How the Ada Initiative works: Part 1: Governance

One of our frequently asked questions is, “How exactly does the Ada Initiative work, anyway?” We think this is a great question and want to blog about it for several reasons.

First, we want more people to start non-profits in this space – we’d throw a party if someone started a non-profit to improve racial diversity or LGBTQ rights in open tech/culture. Second, we went to a lot of effort to be a respectable, for-reals charity with a board and by-laws and everything, and we want people to know about it. Third, we’re self-centered – we love our jobs and we want to talk about them, but people keep walking away from us at cocktail parties when we start talking about the U.S./Australia tax treaty.

So, here’s our attempt to summarize how the Ada Initiative operates without sending you immediately to sleep. And if you’re looking to start a non-profit in this space, don’t be afraid to hit us up for advice.

Legal organization

We’re legally incorporated in the U.S. state of Delaware as a 501(c)(3) charitable corporation. Why Delaware? Most companies incorporate in Delaware because they have the simplest laws and lowest fees. We have three corporate officers: President (Valerie Aurora), Secretary (Mary Gardiner), and Treasurer (also Mary).

Being incorporated as a 501(c)(3) means that basically under U.S. law, we have to behave the way you expect a charity to: All the money we bring in has to go towards furthering our charitable purpose, increasing the participation of women in open technology and culture. The IRS (Internal Revenue Service, the U.S. tax authority) has a long list of rules and guidelines about the way we can operate: If we spend too much on salaries or marketing or travel, they’ll get all up in our business, audit us, and fine us – both as an organization and as individuals. They’ll know we did this because we have to file a Form 990, “Return of Organization Exempt From Income Tax,” every year, which shows how we spent our money in great detail. This form is publicly available within one year of its filing for all 501(c)(3) non-profits (and several other kinds of non-profits as well).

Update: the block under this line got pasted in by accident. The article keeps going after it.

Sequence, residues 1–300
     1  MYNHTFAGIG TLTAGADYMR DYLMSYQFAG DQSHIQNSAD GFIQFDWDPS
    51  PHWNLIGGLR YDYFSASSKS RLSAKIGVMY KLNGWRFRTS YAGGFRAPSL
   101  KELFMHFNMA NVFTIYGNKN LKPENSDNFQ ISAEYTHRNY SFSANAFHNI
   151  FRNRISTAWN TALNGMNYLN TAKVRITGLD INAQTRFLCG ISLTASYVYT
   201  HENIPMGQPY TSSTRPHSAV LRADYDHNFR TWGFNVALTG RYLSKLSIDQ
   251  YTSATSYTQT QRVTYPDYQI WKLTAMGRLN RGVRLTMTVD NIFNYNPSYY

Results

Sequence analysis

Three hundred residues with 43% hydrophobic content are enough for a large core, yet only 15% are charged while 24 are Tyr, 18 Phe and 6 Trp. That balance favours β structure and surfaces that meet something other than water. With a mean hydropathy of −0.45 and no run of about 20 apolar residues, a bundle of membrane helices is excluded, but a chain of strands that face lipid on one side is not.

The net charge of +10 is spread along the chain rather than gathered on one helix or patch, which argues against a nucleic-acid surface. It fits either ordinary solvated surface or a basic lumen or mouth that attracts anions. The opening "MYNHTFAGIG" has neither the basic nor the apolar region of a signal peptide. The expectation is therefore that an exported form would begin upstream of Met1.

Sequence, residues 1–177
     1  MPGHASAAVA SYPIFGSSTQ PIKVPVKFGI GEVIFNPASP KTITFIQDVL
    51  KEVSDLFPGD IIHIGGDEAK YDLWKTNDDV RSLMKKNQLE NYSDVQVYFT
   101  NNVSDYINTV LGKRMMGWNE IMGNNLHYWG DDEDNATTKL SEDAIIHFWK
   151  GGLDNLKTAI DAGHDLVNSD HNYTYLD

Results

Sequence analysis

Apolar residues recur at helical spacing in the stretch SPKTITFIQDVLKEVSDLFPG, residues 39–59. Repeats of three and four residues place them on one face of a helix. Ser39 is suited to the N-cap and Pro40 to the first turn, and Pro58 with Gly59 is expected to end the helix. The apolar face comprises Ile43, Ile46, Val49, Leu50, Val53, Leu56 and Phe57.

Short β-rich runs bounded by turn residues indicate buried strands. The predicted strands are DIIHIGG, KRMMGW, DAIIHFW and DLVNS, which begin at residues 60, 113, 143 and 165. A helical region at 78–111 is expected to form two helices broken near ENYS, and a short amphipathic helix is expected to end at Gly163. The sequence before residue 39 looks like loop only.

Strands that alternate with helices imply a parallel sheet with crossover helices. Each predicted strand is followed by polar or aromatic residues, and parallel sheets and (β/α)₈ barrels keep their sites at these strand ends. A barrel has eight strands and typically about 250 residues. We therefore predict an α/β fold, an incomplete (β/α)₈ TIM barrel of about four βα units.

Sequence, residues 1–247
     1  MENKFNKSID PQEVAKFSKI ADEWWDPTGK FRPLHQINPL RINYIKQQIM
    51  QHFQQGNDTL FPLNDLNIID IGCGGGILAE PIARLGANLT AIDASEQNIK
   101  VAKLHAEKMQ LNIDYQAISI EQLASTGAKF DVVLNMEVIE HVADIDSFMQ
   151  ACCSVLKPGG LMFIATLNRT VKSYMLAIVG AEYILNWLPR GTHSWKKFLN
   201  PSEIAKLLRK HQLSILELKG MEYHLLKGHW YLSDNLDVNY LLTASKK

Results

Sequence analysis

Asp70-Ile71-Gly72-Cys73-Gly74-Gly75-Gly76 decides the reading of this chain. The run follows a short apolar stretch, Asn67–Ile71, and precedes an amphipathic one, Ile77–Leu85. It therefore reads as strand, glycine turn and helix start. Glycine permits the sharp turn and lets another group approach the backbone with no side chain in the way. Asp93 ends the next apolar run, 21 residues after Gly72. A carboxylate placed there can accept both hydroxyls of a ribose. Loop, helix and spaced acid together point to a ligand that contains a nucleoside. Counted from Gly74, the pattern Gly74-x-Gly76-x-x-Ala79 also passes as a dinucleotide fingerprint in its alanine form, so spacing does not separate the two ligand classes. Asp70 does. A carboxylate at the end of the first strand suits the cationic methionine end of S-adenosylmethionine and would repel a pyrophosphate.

If we are granted tax-exempt status this year, we’d have to file Form 990 by April 15th, 2012 and it would be available through the IRS by April 15th, 2013, but we would aim to release it sooner than that. Some non-profits file for extensions which delaying filing and thus the release of their Form 990 by several more months, but we consider that a sign of poor planning at best.

Readers of our blog will already be familiar in nauseating detail with the fact that incorporating as a 501(c)(3) doesn’t automatically grant you tax-exempt status. You have to file a Form 1023, “Application for Recognition of Exemption Under Section 501(c)(3) of the Internal Revenue Code,” requesting that the IRS grant you this status. It took us about 6 months from incorporation to file this incredibly long and complicated form, which we’re told is amazingly fast (you have 27 months to file – why do I know these things? Why?).

We hired an expert lawyer to help us prepare the application, since most amateur filings get rejected several times. With a turnaround time of several months, you want to get it right the first time. The 1023 approval is important not only for the tax advantages, but also because a lot of services are only available only to non-profits with tax-exempt status.

In addition to government scrutiny, some private organizations have sprung up to monitor and rate charitable organizations. Charity Navigator and GuideStar are two of them. Our goal is to achieve the highest rating from at least one of these organizations, but that will likely take several years to accomplish.

Corporate structure

When we incorporated, we also adopted a set of bylaws to govern the corporation, which describes how the board of directors works. We appointed a board of directors who have 100% control over the Ada Initiative. The board of directors elects new directors when their terms expire. We have 2-year terms with about half the terms expiring one year and half the next, so there isn’t a complete turnover every election.